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Don't Outsource North Korea Problem to China
By Andrew F. Diamond and Daniel A. Pinkston
An Op-Ed for The Korea Times.
North Korea has shut down its nuclear reactor in Yongbyon to raise the stakes in its nuclear standoff with the United States. Since the reactor has been operating for about 25 months, North Korea should be able to extract enough plutonium for about two bombs sometime next year after the most radioactive elements in the fuel rods decay sufficiently to be handled by technicians.
Despite Pyongyang's clear efforts to increase its nuclear capability, the Bush administration is still refusing to discuss the issue bilaterally with North Korea. Instead, Washington is relying on Beijing to pressure Pyongyang into returning to the six-party talks, which have been stalled for almost one year. This strategy is unlikely to resolve the crisis, and it also risks alienating U.S. allies and marginalizing Washington in the region.
Pyongyang has demanded bilateral negotiations with the United States, but the Bush administration flatly rejects them as "a concession" or "rewarding bad behavior." Bilateral and multilateral negotiations are not mutually exclusive, but the Bush administration has viewed the two options as a zero-sum proposition. In fact, they are complementary because they would bring North Korea back to the negotiating table at little or no cost to the U.S., and they would also increase the prospects for the institutionalization of the six-party framework for dealing with a number of other regional issues after settling the North Korean nuclear problem.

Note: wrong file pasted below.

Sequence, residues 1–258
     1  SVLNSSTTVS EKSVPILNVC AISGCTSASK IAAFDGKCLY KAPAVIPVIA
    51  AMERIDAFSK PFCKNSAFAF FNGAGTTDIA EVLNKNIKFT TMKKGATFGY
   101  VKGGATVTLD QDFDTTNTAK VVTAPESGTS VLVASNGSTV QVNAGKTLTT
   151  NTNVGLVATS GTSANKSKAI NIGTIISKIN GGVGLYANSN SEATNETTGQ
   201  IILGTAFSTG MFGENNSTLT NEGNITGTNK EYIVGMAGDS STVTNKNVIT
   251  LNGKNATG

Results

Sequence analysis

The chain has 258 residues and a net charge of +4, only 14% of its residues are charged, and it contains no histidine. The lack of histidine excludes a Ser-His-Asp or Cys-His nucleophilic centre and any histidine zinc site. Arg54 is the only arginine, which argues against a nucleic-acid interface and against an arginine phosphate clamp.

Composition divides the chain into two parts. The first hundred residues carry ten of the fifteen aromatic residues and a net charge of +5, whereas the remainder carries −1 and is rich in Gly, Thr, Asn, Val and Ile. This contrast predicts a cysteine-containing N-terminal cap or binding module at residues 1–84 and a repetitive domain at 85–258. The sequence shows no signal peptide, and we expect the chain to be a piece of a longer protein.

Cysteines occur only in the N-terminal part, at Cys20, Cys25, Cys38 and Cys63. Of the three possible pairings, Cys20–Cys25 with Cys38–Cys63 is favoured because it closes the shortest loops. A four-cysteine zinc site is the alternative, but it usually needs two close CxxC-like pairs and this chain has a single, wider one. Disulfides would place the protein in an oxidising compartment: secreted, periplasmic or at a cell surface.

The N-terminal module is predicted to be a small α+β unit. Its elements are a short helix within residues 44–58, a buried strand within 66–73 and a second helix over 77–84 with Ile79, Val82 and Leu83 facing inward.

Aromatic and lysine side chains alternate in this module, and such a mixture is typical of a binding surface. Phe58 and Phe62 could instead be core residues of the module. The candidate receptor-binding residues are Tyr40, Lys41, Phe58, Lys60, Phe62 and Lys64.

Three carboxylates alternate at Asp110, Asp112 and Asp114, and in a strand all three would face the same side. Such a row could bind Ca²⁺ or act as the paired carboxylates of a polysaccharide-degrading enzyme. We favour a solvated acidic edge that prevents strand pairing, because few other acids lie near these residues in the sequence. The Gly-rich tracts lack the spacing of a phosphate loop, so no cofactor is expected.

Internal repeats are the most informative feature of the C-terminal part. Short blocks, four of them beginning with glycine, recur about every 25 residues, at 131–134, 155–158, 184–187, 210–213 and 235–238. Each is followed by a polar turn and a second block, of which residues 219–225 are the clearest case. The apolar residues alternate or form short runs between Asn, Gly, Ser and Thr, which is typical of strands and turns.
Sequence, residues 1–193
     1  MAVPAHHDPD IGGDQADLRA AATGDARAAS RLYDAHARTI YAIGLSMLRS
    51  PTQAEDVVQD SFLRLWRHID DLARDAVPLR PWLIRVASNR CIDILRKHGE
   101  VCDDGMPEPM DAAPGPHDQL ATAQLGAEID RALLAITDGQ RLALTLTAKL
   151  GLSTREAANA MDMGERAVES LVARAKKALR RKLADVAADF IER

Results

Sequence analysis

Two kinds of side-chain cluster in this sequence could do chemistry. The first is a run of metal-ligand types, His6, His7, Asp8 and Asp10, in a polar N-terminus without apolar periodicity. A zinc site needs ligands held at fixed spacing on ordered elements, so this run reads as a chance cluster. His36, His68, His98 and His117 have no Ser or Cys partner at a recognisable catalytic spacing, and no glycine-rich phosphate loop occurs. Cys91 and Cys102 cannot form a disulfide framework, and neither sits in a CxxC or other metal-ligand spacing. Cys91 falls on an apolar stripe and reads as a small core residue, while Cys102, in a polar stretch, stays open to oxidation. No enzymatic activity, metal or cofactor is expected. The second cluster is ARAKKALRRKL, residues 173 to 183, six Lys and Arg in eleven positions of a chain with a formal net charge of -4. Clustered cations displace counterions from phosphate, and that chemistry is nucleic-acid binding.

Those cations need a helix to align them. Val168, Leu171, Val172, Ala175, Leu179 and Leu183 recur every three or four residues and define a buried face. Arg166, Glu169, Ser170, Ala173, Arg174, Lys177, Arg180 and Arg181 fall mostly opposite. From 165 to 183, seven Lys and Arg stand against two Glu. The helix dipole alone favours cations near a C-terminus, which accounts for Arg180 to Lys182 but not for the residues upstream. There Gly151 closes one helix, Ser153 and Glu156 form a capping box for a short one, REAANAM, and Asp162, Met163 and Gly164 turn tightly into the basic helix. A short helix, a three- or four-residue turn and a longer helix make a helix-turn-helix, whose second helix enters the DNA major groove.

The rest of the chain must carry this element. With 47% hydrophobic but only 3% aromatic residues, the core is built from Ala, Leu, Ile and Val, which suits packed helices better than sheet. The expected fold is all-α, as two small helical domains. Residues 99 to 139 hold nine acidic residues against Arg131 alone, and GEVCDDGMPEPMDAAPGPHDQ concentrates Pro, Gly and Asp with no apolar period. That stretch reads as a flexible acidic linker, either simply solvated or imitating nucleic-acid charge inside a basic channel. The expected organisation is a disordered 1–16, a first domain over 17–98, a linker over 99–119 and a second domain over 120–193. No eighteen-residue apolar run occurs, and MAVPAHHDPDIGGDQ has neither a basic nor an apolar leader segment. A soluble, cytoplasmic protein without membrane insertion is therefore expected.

Critics argue that the Bush administration would incur "domestic audience costs" if the U.S. holds bilateral talks with North Korea, or that accepting Pyongyang's request for bilateral talks would signal a weakening of U.S. resolve. We believe this criticism is unwarranted and that the risks of avoiding talks now are much greater.